Integration discussions and how to improve both patient choice and clinician cooperation is something that can be approached in parallel. Howard C. Berkowitz 16:51, 30 December 2008 (UTC)

I agree that we can do it with neither evangelistic nor Quackwatch levels of passion. Have you seen DC Consult. I can send you some of the other links as well. We have some new EBM practice guidelines coming out that I think is the sort of thing you were looking for. I also think the link that Gareth gave us made some strong connections that we can use. I tend to be interested in history as I like to understand the 'whys' as much as the 'whats' and I have some sources for that as well. Most are at least partially accessible online. D. Matt Innis 17:08, 30 December 2008 (UTC)
By the way, I think that what tends to happen is that alt med people start to get defensive when they are hit with 'mainstream medicine says so and so is rubish'. I think mainstream medicine is a moving target as much as alternative medicine. Any ideas about how to handle that. I guess specific attribution is the most reasonable way. D. Matt Innis 17:11, 30 December 2008 (UTC)
You are on the track of something. I both manage my own mainstream care and often act as an advocate for others. I see reasonably well-educated patients blown off by physicans when I don't have any problem conversing, seriously, with the same physician. The difference, in part, comes from 40 plus years of studying the ways that physicians talk to each other, and there is a certain way of organizing discussions that says "peer" to them.
The integrative people start from the premise that they have something in common, and work out from there. There's more willingness to learn language of the other group.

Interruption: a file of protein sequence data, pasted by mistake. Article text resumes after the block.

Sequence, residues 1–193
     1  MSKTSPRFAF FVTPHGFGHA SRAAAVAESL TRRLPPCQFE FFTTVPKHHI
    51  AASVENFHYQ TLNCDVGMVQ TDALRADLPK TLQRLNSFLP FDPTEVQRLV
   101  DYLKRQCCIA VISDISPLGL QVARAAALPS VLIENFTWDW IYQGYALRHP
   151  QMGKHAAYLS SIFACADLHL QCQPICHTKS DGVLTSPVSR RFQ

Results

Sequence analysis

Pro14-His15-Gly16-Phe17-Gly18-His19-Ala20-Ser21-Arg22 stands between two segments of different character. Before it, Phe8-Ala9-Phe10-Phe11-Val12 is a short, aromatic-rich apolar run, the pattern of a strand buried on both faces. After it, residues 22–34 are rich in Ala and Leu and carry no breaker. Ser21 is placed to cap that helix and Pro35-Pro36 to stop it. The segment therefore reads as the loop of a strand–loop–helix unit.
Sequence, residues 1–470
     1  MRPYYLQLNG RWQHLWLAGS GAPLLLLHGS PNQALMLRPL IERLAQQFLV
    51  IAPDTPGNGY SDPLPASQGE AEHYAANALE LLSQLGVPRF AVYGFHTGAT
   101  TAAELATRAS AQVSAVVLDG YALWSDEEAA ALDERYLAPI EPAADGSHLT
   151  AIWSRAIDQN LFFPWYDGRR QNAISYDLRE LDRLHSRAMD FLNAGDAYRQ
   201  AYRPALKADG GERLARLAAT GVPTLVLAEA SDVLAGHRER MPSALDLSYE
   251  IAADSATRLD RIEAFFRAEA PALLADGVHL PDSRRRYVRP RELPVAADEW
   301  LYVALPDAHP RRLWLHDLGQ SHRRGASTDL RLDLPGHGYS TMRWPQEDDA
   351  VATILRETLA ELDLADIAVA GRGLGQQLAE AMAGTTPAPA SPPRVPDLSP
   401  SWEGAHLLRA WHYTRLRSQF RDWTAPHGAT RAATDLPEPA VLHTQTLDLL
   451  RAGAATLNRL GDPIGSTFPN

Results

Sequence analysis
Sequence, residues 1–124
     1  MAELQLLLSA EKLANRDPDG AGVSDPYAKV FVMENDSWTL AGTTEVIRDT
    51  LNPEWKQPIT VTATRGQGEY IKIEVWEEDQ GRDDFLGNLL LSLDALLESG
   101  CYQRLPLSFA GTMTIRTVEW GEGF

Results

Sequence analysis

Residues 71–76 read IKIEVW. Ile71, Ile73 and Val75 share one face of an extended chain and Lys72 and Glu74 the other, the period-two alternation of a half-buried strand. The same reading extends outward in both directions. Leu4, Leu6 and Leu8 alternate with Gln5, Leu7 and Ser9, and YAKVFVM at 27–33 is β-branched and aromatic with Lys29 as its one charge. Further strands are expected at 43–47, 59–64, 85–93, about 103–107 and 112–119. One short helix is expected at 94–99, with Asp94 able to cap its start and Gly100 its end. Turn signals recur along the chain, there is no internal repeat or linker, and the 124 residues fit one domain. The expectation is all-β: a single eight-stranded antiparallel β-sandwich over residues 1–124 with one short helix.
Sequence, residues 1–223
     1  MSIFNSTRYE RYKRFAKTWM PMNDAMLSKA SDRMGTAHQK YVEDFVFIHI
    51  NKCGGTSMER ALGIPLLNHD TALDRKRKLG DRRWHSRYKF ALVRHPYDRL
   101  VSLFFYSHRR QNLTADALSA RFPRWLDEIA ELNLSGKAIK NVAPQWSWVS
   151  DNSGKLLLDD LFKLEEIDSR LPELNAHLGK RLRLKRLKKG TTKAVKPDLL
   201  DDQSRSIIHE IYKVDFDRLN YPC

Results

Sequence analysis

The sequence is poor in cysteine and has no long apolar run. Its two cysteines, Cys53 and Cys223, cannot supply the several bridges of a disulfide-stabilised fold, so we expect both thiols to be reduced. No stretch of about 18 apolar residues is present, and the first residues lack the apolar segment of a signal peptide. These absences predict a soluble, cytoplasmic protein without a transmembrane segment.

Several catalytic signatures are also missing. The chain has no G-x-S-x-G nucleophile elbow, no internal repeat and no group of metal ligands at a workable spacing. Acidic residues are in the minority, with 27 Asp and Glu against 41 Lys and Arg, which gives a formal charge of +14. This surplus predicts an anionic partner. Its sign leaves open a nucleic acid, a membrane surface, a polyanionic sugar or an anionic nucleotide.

I see routine battles among different medical specialties that sound rather like what you are describing. Noninvasive cardiologist vs. cardiovascular surgeon vs. interventional cardiologist is always good for laughs.
One of the things that bothers me is that mainstream medicine is, absolutely, a moving target. Homeopathy presents itself largely in a 19th century way and starts refighting 19th century battles. It was only recently that I found out new provings re being done; it wasn't easy to discover. A mainstream oriented person is apt to be more responsive to a alt practitioner who has a field that often looks at itself. How often do alt folks say "we have a new technique, or this old one isn't used any more"? That's said constantly in mainstream. It seemed like the more that I'd ask questions about modern homeopathy, the more I'd hear about things 50-200 years old. The alt med practitioners also aren't always citing mainstream work that does tend to validate them. There's also the alt vs. comp; there's much better commuications, I think, when the question is "how do we do this together?" Howard C. Berkowitz 17:41, 30 December 2008 (UTC)

Evidence-Based Medicine and CAM disciplines

Matt gave me a link to a chiropractic professional information site, DCConsult.com. One of the first things I read is "Assessing the Quality of the Evidence Before Assessing Individual Studies of Spinal Orthopedic Tests" by Charles Herring [3]. Since one of the defining characteristics of integrative medicine is whether a technique meets at least some tests of evidence-based medicine, I was glad to see this. The approach is based on the "Strength-of-Recommendation Taxonomy (SORT) method to assessing the literature1. The decision to use this method was made because it is a more patient-centered approach to grading evidence. According to the article describing the development of this method, the editors of the U.S. family medicine and primary care journals, (which includes American Family Physician, Family Medicine, The Journal of Family Practice, Journal of the American Board of Family Practice, and The British Medical Journal-USA), and the Family Practice Inquiries Network (FPIN) jointly developed this taxonomy." There is also mention of the STARD technique used by Cochrane, and another trial assessment method, QUADAS